Four times the seeds also were not I. innominata, and tended to undistinguished lavenders. The most spectacular fails were two: A plant from a rock garden nursery that was actually I. pseudacorus, identified when it flowered, and a seed lot that grew into Spuria irises of unknown flower color but unmistakable growth form. My garden is too cool and dry in summer for spurias to thrive, so out it went.
Iris 'Burnt Sugar', unregistered Pacifica iris with I. douglasiana genes

Debby Cole took pity on me after a few years and sent me a few seeds from one of her yellow-flowered innominata-like plants, which upon flowering from seed in my yard we concluded were most likely to be I. innominata x I. bracteata. These had short stems, yellow flowers and the narrow dark green leaves of I. innominata. The veins on the falls were reddish brown. 

Another I. innominata x ? grown from seed 

The plants lived for years in my garden, flowering well until a hedge grew up that shaded them a bit too much. If I can find them this fall, I intend to move the plants to the wild lawn at Willapa National Wildlife Refuge in a few weeks, in hopes that they will enjoy that locale. The trigger for this remembrance was that newly returned SPCNI member casually mentioning that he grows I. innominata in his own garden. All I can say is he’s lucky. I haven’t managed to get it, let alone grow it!

Monday, September 27, 2021

Small Iris Gardens: Garry Knipe's PCIs

by Bryce Williamson

For at least the last 10 years, plant societies have been in membership decline. There are many reasons for this. One of the important reasons for this is reduced garden space in major urban areas. As an area becomes more crowded, lot sizes diminish or fade into nothing. It is not a hopeless situation, however, for the avid gardener with a little bit of space. For the iris grower, a small garden means it will be impossible to grow everything, and specializing is necessary. When specializing is done right, it is even possible to have a hybridizing program.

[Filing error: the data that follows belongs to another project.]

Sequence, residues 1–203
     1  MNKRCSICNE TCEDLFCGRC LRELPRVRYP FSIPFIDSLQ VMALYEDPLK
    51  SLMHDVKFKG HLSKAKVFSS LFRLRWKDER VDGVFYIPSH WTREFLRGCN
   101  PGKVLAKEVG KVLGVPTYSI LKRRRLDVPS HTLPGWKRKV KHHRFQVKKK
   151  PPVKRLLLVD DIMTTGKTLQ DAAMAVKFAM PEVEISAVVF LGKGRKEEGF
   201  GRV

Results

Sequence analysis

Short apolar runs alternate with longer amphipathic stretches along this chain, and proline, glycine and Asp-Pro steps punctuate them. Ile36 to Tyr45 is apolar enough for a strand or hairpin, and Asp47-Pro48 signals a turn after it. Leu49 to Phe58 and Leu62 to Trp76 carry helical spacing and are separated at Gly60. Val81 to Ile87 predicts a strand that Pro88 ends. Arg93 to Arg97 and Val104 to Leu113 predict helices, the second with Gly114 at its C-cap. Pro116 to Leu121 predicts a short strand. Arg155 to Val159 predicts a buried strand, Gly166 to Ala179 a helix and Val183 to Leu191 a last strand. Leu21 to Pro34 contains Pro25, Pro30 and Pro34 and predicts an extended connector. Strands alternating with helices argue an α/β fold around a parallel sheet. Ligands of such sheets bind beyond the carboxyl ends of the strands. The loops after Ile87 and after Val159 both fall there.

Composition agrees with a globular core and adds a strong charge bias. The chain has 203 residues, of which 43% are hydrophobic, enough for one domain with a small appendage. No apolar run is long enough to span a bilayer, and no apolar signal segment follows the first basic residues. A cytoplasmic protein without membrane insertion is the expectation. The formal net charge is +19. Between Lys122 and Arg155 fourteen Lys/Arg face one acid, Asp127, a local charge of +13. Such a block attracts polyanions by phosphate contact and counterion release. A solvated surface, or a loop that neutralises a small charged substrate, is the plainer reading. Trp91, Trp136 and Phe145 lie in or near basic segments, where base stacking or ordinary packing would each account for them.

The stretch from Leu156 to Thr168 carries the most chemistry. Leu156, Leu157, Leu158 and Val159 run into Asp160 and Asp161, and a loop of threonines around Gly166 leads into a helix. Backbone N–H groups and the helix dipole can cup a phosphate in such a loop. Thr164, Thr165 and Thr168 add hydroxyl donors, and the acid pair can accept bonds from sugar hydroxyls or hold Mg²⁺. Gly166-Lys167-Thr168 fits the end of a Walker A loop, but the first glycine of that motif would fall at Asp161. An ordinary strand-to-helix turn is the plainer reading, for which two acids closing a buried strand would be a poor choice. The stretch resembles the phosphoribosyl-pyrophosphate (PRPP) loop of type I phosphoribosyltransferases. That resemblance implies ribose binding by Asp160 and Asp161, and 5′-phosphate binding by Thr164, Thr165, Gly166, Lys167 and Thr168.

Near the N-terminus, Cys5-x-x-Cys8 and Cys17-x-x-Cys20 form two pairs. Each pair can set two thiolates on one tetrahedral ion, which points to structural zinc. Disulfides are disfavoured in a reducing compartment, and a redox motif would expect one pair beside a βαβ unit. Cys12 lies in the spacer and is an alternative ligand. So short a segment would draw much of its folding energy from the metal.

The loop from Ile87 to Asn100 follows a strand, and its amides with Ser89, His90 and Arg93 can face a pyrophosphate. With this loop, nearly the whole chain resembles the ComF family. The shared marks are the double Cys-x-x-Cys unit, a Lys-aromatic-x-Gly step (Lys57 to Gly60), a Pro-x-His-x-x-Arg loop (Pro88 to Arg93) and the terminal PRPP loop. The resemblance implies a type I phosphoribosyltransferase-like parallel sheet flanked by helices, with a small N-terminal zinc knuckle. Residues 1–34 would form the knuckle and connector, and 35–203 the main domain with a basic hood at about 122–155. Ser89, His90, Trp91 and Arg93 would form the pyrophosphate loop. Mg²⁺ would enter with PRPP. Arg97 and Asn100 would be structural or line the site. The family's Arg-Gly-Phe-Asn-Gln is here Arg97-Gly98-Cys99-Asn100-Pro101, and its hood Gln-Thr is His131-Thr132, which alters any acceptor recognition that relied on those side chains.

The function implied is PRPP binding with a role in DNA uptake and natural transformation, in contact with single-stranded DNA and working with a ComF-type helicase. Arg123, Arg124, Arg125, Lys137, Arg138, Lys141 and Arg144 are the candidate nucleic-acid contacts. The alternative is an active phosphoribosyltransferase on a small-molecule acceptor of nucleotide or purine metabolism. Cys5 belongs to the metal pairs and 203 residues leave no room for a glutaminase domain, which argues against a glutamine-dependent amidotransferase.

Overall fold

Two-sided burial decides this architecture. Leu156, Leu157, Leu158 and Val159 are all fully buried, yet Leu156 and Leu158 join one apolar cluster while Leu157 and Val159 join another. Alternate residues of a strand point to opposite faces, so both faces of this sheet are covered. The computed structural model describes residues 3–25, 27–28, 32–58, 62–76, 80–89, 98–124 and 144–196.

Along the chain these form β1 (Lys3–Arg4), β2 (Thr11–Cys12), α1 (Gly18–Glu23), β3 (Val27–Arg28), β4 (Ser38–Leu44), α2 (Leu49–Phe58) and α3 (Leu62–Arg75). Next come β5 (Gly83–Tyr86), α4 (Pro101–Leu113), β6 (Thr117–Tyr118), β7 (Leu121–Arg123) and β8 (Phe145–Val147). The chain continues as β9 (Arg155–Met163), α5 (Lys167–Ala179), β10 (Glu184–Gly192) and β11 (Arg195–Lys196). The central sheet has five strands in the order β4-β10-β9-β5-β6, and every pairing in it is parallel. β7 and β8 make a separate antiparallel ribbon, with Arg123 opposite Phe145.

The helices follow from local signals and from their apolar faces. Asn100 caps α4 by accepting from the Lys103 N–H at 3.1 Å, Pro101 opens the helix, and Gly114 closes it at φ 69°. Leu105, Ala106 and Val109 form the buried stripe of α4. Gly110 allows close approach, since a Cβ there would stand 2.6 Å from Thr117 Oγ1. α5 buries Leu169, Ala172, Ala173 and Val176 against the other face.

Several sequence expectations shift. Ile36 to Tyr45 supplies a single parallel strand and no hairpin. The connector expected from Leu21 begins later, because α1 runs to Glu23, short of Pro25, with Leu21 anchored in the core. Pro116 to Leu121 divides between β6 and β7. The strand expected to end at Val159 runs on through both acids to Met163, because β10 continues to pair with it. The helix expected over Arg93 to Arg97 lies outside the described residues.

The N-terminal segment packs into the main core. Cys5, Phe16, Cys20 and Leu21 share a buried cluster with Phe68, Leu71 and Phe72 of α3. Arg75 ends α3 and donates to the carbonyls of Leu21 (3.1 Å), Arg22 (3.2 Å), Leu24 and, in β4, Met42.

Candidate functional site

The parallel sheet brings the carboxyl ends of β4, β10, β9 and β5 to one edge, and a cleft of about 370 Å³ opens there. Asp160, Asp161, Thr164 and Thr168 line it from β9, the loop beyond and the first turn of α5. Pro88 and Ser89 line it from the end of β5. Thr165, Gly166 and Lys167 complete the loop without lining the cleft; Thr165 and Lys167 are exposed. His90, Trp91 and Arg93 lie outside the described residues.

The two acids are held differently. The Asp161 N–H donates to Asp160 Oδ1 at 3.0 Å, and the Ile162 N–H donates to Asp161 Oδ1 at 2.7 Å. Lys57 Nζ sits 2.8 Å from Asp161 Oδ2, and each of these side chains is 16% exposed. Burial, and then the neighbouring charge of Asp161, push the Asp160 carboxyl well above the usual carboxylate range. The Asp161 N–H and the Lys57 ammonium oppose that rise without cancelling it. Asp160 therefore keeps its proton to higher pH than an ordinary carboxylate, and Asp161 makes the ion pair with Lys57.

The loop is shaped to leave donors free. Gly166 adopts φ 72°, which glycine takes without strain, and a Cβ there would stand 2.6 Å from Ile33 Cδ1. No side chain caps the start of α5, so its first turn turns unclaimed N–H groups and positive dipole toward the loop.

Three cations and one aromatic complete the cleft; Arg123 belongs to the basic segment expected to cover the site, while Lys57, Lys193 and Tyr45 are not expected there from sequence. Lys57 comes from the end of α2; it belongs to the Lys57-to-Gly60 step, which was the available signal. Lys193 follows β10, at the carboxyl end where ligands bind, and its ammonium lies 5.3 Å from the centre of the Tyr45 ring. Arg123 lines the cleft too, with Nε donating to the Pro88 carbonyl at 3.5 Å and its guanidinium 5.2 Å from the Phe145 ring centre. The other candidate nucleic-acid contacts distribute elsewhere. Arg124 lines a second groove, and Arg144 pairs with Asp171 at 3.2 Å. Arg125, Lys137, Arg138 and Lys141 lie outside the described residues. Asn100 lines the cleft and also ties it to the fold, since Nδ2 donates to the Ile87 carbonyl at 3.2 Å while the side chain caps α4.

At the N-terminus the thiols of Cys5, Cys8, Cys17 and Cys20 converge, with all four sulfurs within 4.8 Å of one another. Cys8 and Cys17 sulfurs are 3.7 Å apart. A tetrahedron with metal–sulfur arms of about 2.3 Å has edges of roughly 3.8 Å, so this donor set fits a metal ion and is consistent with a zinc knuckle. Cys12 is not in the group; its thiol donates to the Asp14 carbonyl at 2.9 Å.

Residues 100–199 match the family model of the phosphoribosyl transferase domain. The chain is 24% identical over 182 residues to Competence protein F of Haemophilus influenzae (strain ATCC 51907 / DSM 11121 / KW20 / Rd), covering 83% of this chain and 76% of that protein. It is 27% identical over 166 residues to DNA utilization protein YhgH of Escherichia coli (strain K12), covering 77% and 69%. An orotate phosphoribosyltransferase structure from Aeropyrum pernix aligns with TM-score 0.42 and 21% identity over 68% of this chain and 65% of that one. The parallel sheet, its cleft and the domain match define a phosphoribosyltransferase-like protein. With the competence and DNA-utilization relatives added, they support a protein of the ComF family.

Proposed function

Within a small garden in California’s Silicon Valley, Garry Knipe is specializing and doing it right. When I visited, one of the first things I noticed was the usage of all space—at the front, back, and even the sides of the house. It also helps, in his case, that one of the neighbors has allowed him to infringe on their property.


From that small space and specializing in Pacific Coast Irises (PCIs), Mr. Knipe is producing stunning flowers. His seedlings regularly draw “ohs and ahs”at the local Clara B. Rees Iris Society show, winning many blue ribbons and almost always the seeding cup.

Garry has three goals in his hybridizing: bloom time, color, and cold-hardiness. He is working on early blooming varieties in many colors and the eye candy of whites, lavenders, and violets that have an area that is really blue or turquoise in color at the heart or center line of the flowers. To date Garry has only introduced one iris, ‘Premonition of Spring’ from the early blooming line.

‘Premonition of Spring’ 

‘Premonition of Spring’ 

His higher priority is the enhancing the blue and turquoise colors that originally came from Dr. Lee Lenz's work with I. munzii. Unfortunately, like I. munzii, the Lenz introductions were very difficult to grow and died off quickly. Fortunately, their genetic merits were utilized by a few PCI breeders in the 1970's. Garry is now actively selecting some of the stunning violets and lavenders with blues and turquoise shadings for introduction. That latter work has its basis in plants produced from the Lewis Lawyer lines as well as hybrids from Santa Cruz’s Lois Belardi and a seedling from Joe Ghio. The smaller space does slow him down and he can only grow 100 to 400 new seedlings every year.